NASHVILLE – It was not a memorable training camp for rookie Dez Fitzpatrick. Unless, of course, one defines that word more by problematic than pleasing recollections.
The first of the Tennessee Titans’ two fourth-round draft picks last May, Fitzpatrick looked overwhelmed from the start -- unsure of his responsibilities, unclear how important it was to contribute without the football in his hands, and – all too frequently – unable to hold on consistently when that ball came his way.
The overall performance was enough to prompt coach Mike Vrabel, during one particularly exasperated moment, to note that Fitzpatrick needed to show “a lot more” following the team’s first preseason contest.
It wasn’t much of a surprise, then, that the Titans, who had several experienced receivers under contract, cut the 6-foot-2, 208-pound wide receiver before he played a single regular-season game.
They weren’t done with Fitzpatrick, though, as evidenced by the fact that general manager Jon Robinson – sensing there might be untapped potential – signed him to Tennessee’s practice squad. It has been for the most part an out-of-sight, out-of-mind situation ever since for Fitzpatrick.
Suddenly, however, it looks as if a rookie resurrection is at hand – a resurgence at the very least.
On Tuesday, the same day the Titans released veteran receiver Josh Reynolds, the team chose to protect Fitzpatrick on the practice squad. That marked the first time this season Fitzpatrick had been among the four practice-squad players singled out in that manner. Other NFL teams can’t poach Fitzpatrick onto their 53-man rosters this week.
The designation is not necessarily a guarantee he’s on the verge of being activated to the 53-man roster, but it does show the Titans value Fitzpatrick. And Reynolds’ release seems to increase Fitzpatrick’s odds of earning that long-awaited call-up to the 53, or at least an addition to the gameday roster.
“There’s some momentum there,” Vrabel said of Fitzpatrick’s progress. “(During the lead-up to Week 8), he was show-team player of the week on offense and on special teams. That’s a two-for-one (special), and those are hard to come by.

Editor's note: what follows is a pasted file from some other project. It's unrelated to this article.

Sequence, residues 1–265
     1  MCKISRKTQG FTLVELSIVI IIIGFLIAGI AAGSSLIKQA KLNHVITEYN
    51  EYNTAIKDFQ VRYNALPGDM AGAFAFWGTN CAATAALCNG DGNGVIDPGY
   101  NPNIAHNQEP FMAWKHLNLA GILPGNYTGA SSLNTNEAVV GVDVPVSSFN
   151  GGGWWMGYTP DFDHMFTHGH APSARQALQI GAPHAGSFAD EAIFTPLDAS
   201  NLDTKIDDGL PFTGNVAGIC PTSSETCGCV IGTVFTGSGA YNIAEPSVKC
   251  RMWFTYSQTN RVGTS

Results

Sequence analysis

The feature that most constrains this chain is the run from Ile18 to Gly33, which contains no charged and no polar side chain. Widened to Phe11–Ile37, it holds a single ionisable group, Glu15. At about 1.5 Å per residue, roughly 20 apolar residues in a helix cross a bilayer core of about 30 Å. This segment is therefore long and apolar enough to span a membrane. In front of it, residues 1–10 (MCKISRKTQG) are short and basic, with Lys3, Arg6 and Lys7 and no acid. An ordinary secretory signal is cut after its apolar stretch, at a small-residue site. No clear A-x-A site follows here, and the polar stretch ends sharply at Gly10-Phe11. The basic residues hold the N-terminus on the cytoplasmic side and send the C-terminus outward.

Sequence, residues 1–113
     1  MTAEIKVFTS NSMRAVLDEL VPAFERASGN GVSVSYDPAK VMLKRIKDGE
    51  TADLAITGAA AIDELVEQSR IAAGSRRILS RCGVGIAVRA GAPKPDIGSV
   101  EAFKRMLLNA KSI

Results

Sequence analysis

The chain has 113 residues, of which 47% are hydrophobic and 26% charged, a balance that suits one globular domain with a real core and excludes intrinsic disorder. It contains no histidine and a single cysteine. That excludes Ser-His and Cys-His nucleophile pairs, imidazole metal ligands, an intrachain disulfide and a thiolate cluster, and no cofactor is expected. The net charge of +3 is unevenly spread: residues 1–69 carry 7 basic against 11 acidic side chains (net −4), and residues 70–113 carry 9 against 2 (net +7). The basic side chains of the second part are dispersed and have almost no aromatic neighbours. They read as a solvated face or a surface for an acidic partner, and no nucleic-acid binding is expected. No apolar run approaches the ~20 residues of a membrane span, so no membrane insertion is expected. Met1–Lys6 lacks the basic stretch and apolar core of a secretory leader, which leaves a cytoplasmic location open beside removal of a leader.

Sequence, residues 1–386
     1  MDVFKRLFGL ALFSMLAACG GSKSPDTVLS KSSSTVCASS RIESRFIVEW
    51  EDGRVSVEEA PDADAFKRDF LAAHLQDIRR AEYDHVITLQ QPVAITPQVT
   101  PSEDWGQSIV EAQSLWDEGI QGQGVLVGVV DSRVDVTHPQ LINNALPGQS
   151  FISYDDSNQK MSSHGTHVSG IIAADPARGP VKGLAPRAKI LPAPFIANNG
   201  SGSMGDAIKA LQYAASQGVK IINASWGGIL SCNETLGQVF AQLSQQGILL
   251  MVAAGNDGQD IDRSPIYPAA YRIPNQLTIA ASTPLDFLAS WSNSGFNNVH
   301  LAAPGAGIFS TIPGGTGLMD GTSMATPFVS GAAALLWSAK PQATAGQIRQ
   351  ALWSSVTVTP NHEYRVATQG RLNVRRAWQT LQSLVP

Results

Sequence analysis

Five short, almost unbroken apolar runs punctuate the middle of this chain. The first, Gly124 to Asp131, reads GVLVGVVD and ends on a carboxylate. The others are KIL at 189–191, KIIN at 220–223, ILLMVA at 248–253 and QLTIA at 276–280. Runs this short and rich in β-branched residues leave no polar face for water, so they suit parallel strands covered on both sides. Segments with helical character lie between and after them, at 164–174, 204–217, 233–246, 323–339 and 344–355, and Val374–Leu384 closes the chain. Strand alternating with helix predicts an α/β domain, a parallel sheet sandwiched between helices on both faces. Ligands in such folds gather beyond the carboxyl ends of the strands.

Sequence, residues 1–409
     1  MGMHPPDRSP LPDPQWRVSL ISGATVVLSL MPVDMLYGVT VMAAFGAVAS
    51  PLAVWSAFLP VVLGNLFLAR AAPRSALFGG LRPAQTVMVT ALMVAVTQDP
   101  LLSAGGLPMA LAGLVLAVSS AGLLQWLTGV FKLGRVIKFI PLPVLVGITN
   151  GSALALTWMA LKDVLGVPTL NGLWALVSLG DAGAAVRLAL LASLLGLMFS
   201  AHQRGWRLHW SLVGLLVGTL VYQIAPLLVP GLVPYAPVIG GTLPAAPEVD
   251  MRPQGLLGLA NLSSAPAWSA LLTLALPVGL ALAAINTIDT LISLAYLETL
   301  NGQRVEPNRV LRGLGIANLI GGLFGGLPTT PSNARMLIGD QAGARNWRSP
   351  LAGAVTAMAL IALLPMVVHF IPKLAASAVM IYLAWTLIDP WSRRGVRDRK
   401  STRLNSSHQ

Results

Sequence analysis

“I think that that’s something we have to continue to take advantage of, and try to find roles for him, and have him keep working like everybody else that’s either on our roster or on our practice squad. That’s our challenge.”
Vrabel isn’t the only one who’s taken note of Fitzpatrick’s improvement on the practice squad. The same goes for starting safety Kevin Byard, who sees plenty of Fitzpatrick each week when the rookie is simulating opponents for the show team.
“Absolutely (I’ve seen progress),” Byard said. “He’s one of the hardest guys to cover on the scout team. Vrabel is always talking about guys on the practice squad improving, improving. He’s definitely been the most improved over there -- just route craft, getting confidence in what he’s doing. He’s making some really good catches out there in practice. So, I’m excited to see him improve.”
The Titans’ 2021 draft class hasn’t been very productive. Two picks – cornerback Caleb Farley and edge rusher Rashad Weaver – are out for the season due to injury. Another, wide receiver Racey McMath, is on injured reserve. Three more -- offensive lineman Dillon Radunz, linebacker Monty Rice and safety Brady Breeze – have played sparingly. Cornerback Elijah Molden is the only one of the picks that has played in all nine games this season.
So, the possibility that Fitzpatrick sees some action this season would be a boost, especially considering the Titans traded away three draft picks to move up 17 spots and pick him.
Some NFL analysts considered Fitzpatrick as a later-round pick, but the Titans liked what they saw. In four years at Louisville, he caught 154 passes for 2,589 yards (16.8-yard average) and 21 touchdowns. Those figures included a 2020 total of 43 catches for 833 yards (19.4-yard average) and three touchdowns.
It’s not about the past anymore for Fitzpatrick, though. It’s about the future.
“I’ve definitely seen Dez improve,” safety Amani Hooker said. “He’s way more confident. He just had to be out there and had to go against the guys, and he understands he can make certain plays and do certain things. Just because you’re a rookie doesn’t mean nothing. He’s been doing that the last couple weeks and improving a lot.”